Arends JB, van Dorp J, van Hoek D, Kramer N, van Mierlo P, van der Vorst D, Tan FIY. Epilepsy & Behavior 62 (2016) 180-85.


Seizures that occur at night and are not seen by anyone are a major concern. During the seizure, a person could get injured or aspirate (that is, food or fluids could go into the lungs if a person vomited). There is also a low but real risk of a person dying during a seizure.

Obviously, not all people with epilepsy have a bed partner that they can rely upon to help if a seizure occurs. Having another way of letting someone know if a seizure happens can be very helpful for people who sleep or live alone. A pilot study was conducted to see if sounds could be detected automatically during major seizures and could alert caregivers.

Description of Study

Ten adults with epilepsy and intellectual disability who lived in a group home took part in the study. Each person was monitored over 4 weeks with audio and video recording. Samples of sounds during their typical seizures were recorded. The researchers then tried to detect patterns of sounds during their seizures.

Summary of Study Findings

  • The audio detection in these 10 people proved reasonably reliable at detecting either the initial vocalization or noise in a major seizure, bed movements, or snoring typical of the postictal period.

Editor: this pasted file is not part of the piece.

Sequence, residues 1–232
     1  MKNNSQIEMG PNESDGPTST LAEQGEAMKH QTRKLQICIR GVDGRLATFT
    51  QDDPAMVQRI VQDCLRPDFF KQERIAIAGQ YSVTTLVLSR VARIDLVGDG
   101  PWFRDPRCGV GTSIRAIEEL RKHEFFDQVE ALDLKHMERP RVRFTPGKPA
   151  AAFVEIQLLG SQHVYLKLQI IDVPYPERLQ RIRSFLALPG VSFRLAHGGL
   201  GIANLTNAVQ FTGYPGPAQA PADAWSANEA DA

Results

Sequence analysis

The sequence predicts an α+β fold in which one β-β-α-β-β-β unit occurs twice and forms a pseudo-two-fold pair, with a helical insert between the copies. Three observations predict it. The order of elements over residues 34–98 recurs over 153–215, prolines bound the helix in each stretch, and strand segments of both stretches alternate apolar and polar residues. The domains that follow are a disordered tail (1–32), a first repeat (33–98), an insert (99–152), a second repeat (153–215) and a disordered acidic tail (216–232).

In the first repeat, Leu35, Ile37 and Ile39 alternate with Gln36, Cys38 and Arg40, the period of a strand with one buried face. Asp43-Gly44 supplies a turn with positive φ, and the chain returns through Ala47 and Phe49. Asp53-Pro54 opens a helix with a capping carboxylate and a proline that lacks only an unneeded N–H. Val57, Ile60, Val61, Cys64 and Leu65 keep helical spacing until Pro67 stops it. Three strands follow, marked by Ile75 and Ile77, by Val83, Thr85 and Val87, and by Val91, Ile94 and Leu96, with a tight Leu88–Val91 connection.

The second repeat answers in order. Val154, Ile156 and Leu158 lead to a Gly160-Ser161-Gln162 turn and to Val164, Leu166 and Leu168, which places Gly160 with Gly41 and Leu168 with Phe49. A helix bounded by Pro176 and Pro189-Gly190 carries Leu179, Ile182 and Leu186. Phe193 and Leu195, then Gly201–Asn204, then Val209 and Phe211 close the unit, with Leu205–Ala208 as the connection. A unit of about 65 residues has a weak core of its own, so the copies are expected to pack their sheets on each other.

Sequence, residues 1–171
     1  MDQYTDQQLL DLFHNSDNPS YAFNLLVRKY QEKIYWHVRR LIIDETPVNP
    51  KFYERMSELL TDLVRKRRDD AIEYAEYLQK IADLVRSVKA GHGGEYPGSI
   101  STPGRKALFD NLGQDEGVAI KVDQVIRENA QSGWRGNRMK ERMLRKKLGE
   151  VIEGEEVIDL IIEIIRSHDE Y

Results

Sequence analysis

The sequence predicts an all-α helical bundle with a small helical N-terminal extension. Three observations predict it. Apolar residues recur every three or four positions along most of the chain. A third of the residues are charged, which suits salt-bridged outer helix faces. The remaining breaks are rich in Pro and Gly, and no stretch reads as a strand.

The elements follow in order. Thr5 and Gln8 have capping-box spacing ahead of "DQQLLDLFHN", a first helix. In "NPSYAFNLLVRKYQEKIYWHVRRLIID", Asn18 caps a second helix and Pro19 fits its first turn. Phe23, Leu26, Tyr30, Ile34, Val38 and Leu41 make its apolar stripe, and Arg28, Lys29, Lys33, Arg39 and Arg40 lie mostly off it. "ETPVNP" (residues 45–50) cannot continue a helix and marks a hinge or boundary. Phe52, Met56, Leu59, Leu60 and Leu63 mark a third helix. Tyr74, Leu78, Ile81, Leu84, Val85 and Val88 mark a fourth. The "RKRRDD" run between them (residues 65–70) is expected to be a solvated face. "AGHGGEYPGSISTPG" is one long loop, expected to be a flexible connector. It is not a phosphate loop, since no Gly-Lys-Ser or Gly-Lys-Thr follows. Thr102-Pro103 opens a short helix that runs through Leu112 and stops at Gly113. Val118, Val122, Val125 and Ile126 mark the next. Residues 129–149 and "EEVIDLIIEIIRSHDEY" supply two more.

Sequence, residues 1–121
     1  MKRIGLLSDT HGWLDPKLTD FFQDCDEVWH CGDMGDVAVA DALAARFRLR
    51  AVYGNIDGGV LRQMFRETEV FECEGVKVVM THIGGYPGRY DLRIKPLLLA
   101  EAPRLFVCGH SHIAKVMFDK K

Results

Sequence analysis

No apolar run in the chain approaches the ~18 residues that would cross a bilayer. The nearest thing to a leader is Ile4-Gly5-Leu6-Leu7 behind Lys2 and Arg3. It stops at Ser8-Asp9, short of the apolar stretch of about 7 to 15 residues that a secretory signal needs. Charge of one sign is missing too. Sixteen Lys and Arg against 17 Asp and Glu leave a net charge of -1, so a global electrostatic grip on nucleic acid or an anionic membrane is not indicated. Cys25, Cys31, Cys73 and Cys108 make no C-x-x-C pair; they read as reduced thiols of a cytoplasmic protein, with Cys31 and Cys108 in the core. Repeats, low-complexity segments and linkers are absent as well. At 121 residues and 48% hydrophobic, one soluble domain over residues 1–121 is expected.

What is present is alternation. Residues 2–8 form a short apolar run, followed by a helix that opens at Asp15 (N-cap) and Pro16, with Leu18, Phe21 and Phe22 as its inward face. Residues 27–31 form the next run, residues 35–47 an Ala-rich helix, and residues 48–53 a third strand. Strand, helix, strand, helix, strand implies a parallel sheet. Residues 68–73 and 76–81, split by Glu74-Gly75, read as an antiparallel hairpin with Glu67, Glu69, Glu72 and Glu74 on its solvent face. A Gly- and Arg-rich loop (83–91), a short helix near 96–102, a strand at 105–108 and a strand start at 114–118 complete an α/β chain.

• For a typical seizure, related sounds were determined based on an individual’s pattern.
  • Major seizures were missed with audio detection when the patient either did not make a sound or the sound was too quiet.

What does this mean?

  • Some seizures are associated with sounds that can be detected by audio recording.
  • Since seizures that occur when a person is alone at night can have serious consequences, being able to reliably detect these seizures could lead to a new approach for seizure detection.
  • More work in this area could potentially lead to a powerful tool to help families and caregivers of people with epilepsy.

Article published in Epilepsy & Behavior, September 2016.

Authored By: 
Amy Z. Crepeau MD
Authored Date: 
Reviewed By: 
Joseph I. Sirven MD
Wednesday, November 9, 2016